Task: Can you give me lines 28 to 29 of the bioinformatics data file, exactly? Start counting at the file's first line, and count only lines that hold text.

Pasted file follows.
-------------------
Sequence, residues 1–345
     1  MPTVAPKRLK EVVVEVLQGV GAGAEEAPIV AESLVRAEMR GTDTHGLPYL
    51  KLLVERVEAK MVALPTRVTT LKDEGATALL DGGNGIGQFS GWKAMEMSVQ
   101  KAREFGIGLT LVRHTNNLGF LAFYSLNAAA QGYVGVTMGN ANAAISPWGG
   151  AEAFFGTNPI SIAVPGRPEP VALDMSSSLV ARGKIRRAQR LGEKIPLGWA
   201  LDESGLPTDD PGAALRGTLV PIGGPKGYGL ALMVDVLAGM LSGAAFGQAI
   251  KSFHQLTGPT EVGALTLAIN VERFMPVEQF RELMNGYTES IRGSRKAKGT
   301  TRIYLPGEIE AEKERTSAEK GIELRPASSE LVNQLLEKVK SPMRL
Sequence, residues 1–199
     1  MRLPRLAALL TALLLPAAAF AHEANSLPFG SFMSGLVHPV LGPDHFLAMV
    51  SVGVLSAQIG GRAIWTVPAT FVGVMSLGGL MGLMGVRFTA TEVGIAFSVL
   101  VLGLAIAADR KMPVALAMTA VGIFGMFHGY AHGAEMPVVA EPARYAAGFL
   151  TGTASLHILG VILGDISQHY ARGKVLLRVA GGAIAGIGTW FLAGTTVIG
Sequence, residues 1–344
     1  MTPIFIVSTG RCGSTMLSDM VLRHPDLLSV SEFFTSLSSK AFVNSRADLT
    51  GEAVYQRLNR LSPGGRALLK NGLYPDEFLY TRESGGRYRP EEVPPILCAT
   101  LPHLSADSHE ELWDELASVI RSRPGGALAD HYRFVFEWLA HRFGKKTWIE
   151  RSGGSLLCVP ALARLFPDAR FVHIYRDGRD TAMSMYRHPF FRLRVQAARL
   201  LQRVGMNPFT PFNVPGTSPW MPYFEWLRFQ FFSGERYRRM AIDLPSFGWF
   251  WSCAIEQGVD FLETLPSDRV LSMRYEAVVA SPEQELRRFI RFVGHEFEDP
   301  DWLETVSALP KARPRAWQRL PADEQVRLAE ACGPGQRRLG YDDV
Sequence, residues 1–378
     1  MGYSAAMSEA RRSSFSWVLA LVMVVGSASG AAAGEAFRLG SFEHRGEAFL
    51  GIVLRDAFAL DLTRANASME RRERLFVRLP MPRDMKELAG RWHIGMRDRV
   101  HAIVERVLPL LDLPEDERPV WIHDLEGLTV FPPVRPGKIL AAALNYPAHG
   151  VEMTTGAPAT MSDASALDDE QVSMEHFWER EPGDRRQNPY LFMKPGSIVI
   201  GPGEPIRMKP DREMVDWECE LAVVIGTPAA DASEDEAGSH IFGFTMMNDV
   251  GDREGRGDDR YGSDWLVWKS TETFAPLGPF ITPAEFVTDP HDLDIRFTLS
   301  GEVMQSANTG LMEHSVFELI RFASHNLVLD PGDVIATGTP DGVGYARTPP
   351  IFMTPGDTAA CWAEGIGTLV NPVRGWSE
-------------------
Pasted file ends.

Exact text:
   251  GDREGRGDDR YGSDWLVWKS TETFAPLGPF ITPAEFVTDP HDLDIRFTLS
   301  GEVMQSANTG LMEHSVFELI RFASHNLVLD PGDVIATGTP DGVGYARTPP